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Dada - 1911

(and other documents) google: "foch" "a ceasfire" QUOTE & similar... note: German spelling "foche" - might be a declinsion/conjugation term. On this page: {Nathanel's notes on Alsace}

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Nathanel's notes on Alsace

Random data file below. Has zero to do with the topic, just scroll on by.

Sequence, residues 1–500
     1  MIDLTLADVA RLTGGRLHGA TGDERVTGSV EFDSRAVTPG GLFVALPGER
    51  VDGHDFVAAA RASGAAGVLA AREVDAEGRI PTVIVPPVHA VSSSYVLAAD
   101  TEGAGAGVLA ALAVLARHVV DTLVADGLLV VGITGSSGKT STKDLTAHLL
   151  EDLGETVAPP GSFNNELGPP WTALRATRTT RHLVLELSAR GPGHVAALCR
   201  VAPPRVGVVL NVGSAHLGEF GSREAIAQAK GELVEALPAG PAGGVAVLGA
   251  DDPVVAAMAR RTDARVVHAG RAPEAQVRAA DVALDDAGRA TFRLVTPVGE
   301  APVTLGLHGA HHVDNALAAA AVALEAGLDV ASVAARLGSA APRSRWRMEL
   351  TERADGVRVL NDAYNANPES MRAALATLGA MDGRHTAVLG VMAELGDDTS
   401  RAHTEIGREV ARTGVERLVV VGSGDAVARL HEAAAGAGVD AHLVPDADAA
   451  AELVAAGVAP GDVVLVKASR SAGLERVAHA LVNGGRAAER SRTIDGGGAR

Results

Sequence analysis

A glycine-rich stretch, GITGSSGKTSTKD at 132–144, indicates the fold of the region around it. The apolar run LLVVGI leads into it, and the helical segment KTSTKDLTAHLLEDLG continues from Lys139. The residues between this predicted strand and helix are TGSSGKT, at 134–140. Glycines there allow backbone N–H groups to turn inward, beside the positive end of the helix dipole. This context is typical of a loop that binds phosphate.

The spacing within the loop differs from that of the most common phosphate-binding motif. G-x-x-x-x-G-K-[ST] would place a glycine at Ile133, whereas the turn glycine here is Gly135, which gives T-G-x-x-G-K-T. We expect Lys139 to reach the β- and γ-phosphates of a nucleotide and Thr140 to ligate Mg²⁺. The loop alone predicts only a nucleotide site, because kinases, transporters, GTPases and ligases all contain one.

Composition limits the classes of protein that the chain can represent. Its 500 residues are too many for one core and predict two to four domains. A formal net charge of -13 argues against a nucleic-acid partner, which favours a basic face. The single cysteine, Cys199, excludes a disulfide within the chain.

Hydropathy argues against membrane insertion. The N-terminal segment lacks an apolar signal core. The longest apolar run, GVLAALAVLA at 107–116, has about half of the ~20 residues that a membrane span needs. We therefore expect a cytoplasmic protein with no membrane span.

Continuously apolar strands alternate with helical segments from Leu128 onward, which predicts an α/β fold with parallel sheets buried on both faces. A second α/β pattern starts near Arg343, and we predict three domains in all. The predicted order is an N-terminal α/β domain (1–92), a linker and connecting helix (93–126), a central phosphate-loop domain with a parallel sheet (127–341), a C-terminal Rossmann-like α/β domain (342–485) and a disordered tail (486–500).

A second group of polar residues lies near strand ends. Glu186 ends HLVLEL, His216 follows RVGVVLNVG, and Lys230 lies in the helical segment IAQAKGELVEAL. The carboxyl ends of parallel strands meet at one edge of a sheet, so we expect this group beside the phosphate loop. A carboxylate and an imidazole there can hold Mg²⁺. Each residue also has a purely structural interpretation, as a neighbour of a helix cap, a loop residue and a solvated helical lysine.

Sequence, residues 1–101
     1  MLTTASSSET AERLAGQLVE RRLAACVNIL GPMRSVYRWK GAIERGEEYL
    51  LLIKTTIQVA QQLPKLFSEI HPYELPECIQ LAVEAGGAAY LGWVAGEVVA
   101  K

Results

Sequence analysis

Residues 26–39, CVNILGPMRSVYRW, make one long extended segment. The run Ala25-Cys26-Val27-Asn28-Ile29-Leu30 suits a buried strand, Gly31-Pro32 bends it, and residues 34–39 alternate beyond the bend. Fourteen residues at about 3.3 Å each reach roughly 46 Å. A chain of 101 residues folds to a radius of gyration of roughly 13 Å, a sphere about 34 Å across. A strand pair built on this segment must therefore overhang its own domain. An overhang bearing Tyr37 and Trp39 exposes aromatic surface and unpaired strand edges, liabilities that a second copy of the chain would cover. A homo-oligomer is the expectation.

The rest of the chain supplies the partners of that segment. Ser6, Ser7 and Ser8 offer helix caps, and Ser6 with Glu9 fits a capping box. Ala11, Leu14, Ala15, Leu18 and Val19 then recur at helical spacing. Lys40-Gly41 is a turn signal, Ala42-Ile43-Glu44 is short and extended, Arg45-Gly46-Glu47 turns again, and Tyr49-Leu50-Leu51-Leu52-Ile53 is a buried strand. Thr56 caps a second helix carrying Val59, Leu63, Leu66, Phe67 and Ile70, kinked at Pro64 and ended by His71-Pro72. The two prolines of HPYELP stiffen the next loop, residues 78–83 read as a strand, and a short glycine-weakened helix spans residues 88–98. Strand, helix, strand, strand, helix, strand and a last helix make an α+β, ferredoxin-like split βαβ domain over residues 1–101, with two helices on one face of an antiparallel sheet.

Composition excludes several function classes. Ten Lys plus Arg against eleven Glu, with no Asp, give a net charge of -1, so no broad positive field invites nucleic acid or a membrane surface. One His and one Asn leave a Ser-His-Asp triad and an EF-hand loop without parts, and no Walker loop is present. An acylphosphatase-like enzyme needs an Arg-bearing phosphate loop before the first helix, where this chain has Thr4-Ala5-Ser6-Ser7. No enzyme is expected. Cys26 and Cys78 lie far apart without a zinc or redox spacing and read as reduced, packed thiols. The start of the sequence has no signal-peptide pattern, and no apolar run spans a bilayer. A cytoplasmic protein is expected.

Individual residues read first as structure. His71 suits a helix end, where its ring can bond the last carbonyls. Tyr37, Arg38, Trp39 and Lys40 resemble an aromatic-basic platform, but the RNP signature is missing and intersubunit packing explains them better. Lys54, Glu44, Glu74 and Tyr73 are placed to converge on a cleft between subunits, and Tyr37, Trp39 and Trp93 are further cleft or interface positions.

Well done!! (tips towel three times to frood Nate :) http://rhineriver.blogspot.com/2004/09/unloved-autonomy-part-i.html An unloved autonomy part I This is an outline of the development of Alsatian political culture leading up to the return to France in 1918-1919. While part of Germany (1871-1911), the territories of Alsace and Lorraine were administered by representatives of Berlin as if they were a subject people. Indeed, the appellation Alsace-Lorraine was a short-hand for the more descriptive name: Reichsland—the territories that were jointly administered by all the other German states for their mutual benefit, but not for the Alsatians and Lorrains. During this period Alsatians focused on two concepts, ‘republic’ and ‘federation’, in order to argue for the creation of a province that would be an expression of popular sovereignty and that would have parity with other German states. In 1911 the Reich gave autonomy to Alsace, something which it did not want. The republic was an alternative to arbitrary regimes. At the time of annexation, criticism of Napoleon III and Bonapartism was gaining strength—republicanism was becoming more prominent. Under the Second Reich, Alsace-Lorraine was subjected to an appointed official who acted as the Statthalter (representative of the kingdom in the territory). The German imperial house, the Hohenzollerns, wanted to make Alsace-Lorraine part of the family possessions—a territory given to a son who would not become the Kaiser. Alsatians looked to the republic in order to reject the creation of a ruling house for the territory. Politicians like Emile Wetterle (a Catholic cleric, newspaper publisher, and deputy to the Reichstag (imperial legislature)) kept tabs on the changes in French republicanism and translated them into Alsatian political activism. Pushing for rights for the territories, Alsatian politicians demanded a unicameral legislature elected by popular vote and a ministerial government that was drawn from the legislature. Indeed, Wetterle and other politicians pointed out that republicanism was not incompatible with the politics of the Reich: Hamburg was a republic. Federalism was also an issue under the French Second Empire. Of course, it is common everywhere for the party that is not in power to argue that the central government has too much authority, and this was certainly the case in France: anti-Bonapartists argued that Paris was too powerful. Federalism was also part of the German constitution. It was the basis for the aggregation of German principalities in the First Reich (Holy Roman Empire). Technically, federalism was also the basis for the Second Reich as well: the empire was made up of kingdoms and duchies that had their own governments and domestic policies. However, Prussia easily dominated: the constitution gave it more votes in the federal council (Bundesrat), and it had more population (more legislators in lower house), a larger economy, a larger army, etc. Simply, Prussia undermined federalism with its power and influence. Furthermore, Prussia controlled all of the federal votes for the Reichsland. Alsatian politicians hoped both to gain control of their federal votes and to restore the balance between states at minimum by limiting votes on the federal council by weighting states by population. Furthermore, they raised questions about the integrity of Prussia itself as it was not supposed to encompass all the territory that the Hohenzollerns held. By 1904 Berlin had been convinced that the Alsatian constitution must be reformed, and that the status of the Reichsland must be changed. Alsatian politicians took this as an opportunity to see reforms of the greater German constitution. However, Berlin had other desires: the voice of Alsatians had become to problematic, and calls for reform had infected other areas of the Reich (especially Catholic minorities). Wanting to limit the influence of Alsatian political culture in German politics, the Reich pushed for autonomy for the Reichsland.